Maggie came up with the idea. We could offer our garden to the Bracken Trust for a coffee morning. It would help them to raise funds for their essential work supporting local people with cancer. Saturday August 1st was to be the day.
A visit was organised for members of the Bracken Trust social committee to see what facilities we could offer. Brenda, the chairperson, has to use a disability scooter, so these visits are a major undertaking, but good because it immediately highlighted some shortcomings in access. We had designed the access around the garden to allow wheelchairs, but nowadays most people who need help, use small wheel, powered, vehicles. The inspection visit went very well, but we had to have tea sitting in the garage because of the difficulties with scooter access, it was, nonetheless, a joyful occasion. Two days after the visit we had wooden ramps in place to smooth out a couple of steps. The thing that took me aback was the enthusiasm that everyone showed for our garden!. They were seeing it in a totally different way to the way that I see it. “I didn’t think things could grow like this in this country!” was one reaction!
Maggie and I love our garden and see beauty in it, but I do not expect people whose idea of gardens are formed by the garden industry, with novelty coloured flowers in prim borders, or vegetables in clean, straight lines, to look at our highly productive, natural garden and see the same degree of beauty.
I was strimming the grass in front of the house the day before the Coffee Morning, when I saw George McManus, who gardens for the hotel across the river, trying to look into our garden. He told me that the town council had asked him to review local gardens for some sort of competition. I invited him in and showed him around, and I was delighted that he appreciated the garden, telling me that he likes natural gardens, and that that is his style.
On the day of the coffee morning we were woken at 6am by the rain lashing against the windows, by 8:30 the rain had stopped, but it was leaden and damp. The sun began to break through, and, by the time the helpers arrived it was very pleasant and everything had dried out. We had a brilliant day and the Trust made a great deal of money from stalls which offered, among other delights, jams and cordial made from our wonderful harvest of soft fruits and plants propagated from the shrubs in our garden. Part of the morning was to be a talk by me, about Permaculture and Forest Gardens and a tour of the garden. Two dozen to thirty people listened, apparently with great enjoyment and interest to the talk, and were able to sample a very pretty salad of nasturtium flowers and leaves, lime leaves and lemon flavoured sorrel, all picked in the garden that morning to illustrate some of the less usual salad possibilities.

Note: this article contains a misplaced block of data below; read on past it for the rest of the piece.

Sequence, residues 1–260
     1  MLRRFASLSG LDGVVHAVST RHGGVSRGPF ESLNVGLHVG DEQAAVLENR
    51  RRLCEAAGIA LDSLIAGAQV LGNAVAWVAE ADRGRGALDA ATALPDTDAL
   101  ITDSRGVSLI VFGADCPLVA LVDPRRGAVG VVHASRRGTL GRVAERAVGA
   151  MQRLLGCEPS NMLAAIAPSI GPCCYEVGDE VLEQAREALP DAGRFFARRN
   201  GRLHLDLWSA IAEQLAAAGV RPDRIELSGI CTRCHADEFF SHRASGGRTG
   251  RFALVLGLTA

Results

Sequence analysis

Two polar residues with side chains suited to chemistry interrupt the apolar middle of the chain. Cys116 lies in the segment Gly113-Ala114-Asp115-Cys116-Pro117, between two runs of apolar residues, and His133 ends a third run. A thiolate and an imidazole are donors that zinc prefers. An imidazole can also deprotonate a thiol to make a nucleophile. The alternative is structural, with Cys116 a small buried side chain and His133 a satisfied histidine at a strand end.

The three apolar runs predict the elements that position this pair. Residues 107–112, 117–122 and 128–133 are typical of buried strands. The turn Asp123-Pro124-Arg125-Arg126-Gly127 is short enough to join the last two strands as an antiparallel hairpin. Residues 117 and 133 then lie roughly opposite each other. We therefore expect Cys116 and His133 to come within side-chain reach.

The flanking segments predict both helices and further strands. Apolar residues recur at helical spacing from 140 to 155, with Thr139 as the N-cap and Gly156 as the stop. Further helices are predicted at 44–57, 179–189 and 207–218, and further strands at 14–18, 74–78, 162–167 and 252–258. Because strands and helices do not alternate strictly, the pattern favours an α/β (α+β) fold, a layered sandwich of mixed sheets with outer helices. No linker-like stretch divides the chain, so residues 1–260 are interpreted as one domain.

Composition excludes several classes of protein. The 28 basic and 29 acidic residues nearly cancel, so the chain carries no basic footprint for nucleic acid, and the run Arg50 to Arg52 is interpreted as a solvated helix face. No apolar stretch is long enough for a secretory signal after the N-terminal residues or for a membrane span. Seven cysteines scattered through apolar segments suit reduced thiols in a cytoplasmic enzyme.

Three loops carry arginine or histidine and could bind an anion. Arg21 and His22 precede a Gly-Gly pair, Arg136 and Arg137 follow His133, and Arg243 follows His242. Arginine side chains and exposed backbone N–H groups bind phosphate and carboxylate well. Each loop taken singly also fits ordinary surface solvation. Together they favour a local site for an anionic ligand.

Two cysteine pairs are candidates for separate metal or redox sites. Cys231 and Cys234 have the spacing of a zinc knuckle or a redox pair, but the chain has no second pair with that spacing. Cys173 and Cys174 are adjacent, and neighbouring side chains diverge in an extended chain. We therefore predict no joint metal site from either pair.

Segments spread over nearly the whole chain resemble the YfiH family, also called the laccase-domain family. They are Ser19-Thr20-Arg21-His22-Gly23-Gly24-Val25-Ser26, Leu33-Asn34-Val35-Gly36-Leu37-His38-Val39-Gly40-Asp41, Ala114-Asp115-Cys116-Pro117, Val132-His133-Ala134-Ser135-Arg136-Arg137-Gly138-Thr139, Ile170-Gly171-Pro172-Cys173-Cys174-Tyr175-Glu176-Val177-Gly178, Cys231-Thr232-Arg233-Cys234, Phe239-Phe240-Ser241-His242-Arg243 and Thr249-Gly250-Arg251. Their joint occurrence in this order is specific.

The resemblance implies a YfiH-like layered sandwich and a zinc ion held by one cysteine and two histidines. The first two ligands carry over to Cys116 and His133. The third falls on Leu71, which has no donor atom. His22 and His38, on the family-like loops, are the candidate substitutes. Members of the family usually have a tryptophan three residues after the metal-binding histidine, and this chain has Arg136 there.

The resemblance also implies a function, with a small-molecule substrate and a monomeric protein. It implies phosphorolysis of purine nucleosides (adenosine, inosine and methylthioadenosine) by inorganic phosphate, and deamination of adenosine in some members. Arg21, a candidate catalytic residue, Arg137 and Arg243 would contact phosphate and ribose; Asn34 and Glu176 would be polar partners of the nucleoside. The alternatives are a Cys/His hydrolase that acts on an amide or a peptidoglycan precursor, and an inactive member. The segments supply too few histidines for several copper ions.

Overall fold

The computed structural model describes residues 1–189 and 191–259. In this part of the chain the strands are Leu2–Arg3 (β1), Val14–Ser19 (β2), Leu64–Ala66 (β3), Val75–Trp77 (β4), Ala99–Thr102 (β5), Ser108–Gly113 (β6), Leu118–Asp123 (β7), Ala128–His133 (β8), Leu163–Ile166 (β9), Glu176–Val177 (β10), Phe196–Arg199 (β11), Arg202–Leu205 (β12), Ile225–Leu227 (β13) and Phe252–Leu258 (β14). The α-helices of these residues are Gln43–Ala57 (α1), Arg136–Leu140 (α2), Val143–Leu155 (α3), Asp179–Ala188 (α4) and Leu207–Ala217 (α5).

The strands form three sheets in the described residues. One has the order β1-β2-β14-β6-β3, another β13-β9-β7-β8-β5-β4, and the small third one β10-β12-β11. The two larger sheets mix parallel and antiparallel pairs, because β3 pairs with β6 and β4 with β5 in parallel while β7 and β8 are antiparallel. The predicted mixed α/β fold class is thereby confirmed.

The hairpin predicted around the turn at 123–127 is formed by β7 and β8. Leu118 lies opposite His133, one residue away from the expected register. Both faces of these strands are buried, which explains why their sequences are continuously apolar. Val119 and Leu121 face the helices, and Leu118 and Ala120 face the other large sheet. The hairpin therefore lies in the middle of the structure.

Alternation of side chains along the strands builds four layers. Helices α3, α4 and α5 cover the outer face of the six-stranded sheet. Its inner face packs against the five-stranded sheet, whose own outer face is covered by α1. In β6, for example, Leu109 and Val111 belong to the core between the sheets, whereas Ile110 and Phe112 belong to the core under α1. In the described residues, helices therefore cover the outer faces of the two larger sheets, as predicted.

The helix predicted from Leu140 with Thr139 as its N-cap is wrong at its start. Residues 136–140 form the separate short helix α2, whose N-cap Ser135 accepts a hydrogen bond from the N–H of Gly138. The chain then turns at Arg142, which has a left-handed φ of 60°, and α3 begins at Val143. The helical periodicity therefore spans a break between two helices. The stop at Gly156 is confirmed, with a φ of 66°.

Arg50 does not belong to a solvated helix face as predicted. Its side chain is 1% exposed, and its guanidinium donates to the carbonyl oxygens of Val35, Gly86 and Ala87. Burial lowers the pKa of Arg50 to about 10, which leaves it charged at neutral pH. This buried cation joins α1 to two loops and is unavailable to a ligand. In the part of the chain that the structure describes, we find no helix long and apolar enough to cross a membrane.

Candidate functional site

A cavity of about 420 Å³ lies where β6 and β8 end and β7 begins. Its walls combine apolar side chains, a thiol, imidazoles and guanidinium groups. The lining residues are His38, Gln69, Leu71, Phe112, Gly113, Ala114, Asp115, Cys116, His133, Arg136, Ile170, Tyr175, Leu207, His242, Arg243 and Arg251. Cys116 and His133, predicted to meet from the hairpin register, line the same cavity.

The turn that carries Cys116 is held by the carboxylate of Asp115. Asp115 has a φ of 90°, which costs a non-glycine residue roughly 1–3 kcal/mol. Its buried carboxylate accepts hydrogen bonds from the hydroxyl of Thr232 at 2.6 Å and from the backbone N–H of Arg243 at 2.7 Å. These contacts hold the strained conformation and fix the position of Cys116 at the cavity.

We were expecting the arrival of friends on the Monday, but they had been very delayed. At some point I noticed that a car was parked in our drive, thinking it may be our friends, I rushed out, but arriving at the gate I saw that the car was being reversed out of the drive. I checked to see if I could help, but the response of the people in the car was to congratulate me. They told me that I had won the garden competition, something that has since been confirmed by the Clerk to the Council! We have what is considered Rhayader and district’s best kept garden of 2015!
So it seems that the garden, this piece of Nature’s glory, is appreciated for what it is, and is potentially, a really valuable tool for introducing the concepts of Permaculture and of Forest Gardens. During the coffee morning I was being asked for advice about gardens, I have suddenly become an accepted local expert! It now is up go me to find ways of utilizing that and spreading the word. The garden that we found when we bought the house had been neglected but had potential, but even the most bleak, damp or exposed space of builder’s rubble can, with time, be encouraged to return to being a natural, food filled, corner of paradise.